Pete Toms said...

I've only scan read the BBWAA list but a few names leapt out at me.

Wayne Scanlan, Ottawa Citizen.
Don Campbell, Ottawa Citizen.

I have read this paper every day for many years and while these guys seem decent enough....uh, they rarely cover baseball. The nearest MLB team is 250 miles from here in Toronto and neither of theses guys seems to make the trip with any frequency, if at all.

Last week they both wrote pieces about our new CanAm franchise - yippee! - but there is very, very little baseball coverage in this sports section as a general rule.

How it can be construed that these 2 need BBWAA credentials to do their jobs is beyond me. They're decent enough general interest sports writers - and I know they like baseball - but the vast majority of what they write pertains to other sports.

I am truly surprised that they are members.

jnr98 said...


It comes as no surprise that there is an immense amount of hypocrisy in any organization like this (or in any other sport, to be fair). Cronyism lives, baby. BBWAA is notoriously slow to adapt and recognize the world has adapted. Hell, I bet half of they still have rotary dialed phones.

Law and Neyer have a great platform to preach from. I enjoy Rob's straightforward, no nonsense approach as much as I get a kick out of Law's 'renaissance man' approach.

Whether or not they get selected to the BBWAA voting pool remains to be seen. I am sure they will at some point. No matter their affiliations, I will continue to feel smarter for having read them, no matter where I read them.

I can only hope their voices get to be heard in future HOF voting results.

aka Jason R.

dubbschism said...

I believe it's time for Neyer, KLaw, et al. to form their own club and hand out their own awards. Bill James has his Fielding Bible awards, which for many carry much more sway than Gold Gloves (although to be fair, BBWAA doesn't decide GG's...although to be unfair, it'd probably be just as flawed a process if they did).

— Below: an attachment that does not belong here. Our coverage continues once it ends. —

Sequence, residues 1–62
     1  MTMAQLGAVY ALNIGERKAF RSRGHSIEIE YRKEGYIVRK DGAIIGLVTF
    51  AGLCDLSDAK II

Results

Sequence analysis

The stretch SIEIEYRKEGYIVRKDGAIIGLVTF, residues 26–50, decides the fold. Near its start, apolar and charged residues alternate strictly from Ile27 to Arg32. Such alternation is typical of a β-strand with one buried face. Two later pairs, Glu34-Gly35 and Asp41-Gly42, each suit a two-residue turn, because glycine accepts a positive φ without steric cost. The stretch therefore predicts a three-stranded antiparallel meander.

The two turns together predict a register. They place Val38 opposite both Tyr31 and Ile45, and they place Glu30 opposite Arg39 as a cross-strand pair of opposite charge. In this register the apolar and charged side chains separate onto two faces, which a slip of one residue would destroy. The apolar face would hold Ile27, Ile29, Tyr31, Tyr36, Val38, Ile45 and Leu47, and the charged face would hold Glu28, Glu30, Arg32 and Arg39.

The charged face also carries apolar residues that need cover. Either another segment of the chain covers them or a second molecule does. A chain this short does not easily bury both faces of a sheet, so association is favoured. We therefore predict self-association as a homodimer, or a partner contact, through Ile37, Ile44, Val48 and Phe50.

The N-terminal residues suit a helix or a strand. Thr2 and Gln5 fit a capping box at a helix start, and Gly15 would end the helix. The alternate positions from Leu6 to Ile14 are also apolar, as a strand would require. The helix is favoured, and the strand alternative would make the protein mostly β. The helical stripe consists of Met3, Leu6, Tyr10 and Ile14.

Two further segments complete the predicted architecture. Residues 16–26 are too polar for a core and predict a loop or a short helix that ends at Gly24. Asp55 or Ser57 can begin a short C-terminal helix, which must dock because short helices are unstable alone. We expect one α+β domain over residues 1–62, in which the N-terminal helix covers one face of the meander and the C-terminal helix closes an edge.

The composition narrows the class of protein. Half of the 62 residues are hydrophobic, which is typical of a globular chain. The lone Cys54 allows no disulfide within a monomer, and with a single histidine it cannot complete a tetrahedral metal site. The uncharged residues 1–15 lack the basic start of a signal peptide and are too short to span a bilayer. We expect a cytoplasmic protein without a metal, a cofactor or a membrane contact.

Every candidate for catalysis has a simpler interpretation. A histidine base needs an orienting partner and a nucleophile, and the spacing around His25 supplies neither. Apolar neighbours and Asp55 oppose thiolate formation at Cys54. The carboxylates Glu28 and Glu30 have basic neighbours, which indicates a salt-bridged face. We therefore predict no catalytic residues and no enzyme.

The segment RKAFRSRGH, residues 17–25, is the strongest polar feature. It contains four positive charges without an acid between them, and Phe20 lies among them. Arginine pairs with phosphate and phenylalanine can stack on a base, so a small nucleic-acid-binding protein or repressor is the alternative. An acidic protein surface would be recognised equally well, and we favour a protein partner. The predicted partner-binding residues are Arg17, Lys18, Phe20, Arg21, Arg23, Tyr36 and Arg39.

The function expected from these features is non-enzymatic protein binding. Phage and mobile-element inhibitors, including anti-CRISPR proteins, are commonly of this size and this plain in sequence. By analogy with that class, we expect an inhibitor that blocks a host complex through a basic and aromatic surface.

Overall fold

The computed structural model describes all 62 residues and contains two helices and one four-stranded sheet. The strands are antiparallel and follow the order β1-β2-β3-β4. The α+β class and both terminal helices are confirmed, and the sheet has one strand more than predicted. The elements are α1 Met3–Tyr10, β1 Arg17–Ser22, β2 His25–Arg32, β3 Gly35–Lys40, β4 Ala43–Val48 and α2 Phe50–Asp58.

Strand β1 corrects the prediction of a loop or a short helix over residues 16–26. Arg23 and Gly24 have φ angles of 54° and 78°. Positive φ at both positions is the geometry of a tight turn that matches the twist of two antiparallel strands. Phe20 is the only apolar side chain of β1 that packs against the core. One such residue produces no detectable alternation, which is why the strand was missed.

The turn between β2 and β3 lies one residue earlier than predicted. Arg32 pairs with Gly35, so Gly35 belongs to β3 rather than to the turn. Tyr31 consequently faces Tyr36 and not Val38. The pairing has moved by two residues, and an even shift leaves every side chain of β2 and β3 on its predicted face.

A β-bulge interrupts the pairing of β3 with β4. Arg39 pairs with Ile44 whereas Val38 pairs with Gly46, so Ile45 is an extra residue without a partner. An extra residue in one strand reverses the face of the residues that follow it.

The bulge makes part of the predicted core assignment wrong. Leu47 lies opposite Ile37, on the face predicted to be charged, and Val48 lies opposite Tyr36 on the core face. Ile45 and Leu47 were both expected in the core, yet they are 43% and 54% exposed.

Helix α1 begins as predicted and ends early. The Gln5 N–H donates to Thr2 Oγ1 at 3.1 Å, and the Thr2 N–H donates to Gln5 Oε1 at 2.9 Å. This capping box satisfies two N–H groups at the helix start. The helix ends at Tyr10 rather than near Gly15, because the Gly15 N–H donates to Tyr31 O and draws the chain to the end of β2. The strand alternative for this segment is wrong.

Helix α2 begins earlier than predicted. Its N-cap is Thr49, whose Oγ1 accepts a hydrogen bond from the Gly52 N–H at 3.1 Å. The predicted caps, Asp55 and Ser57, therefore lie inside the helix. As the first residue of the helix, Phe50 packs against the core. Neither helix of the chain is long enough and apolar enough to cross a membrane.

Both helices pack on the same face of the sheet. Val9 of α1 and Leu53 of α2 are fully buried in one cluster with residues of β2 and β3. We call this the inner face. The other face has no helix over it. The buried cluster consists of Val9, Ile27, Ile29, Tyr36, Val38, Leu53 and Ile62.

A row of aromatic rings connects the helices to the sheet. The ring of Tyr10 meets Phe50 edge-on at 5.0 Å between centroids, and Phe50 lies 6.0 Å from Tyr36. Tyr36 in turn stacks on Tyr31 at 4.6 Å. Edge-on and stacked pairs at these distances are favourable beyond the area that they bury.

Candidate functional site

Matt said...

It seems to me that process is the more relevant than skill for initiation into a club, particularly a club whose primary function is to create something, such as articles. If the BBWAA at this moment has in its bylaws that a member must have access to, and regularly speak with, people employed in baseball, that seems a fair criteria.

The fact that the job description has changed enough that writers can do an equal (or better) job without this access is relevant to the discussion of revising the initiation process. Neyer and Law would both be excellent examples of why the BBWAA might entertain such an idea.

What the BBWAA is most guilty of is moving too slowly, and probably being too pompous about it. There are those that would argue Neyer and Law belong on the basis of their writing, but being that they do not speak with employees of baseball, they lack a well-rounded perspective. There are others that hate their work so much, they would just argue they don't belong at all.

It is obvious to me they both would be excellent additions to any association dedicated to the publicity of baseball, but I am not surprised the BBWAA is slow to realize this. They are an entirely new breed, and their value, at least to the BBWAA, is a large unknown.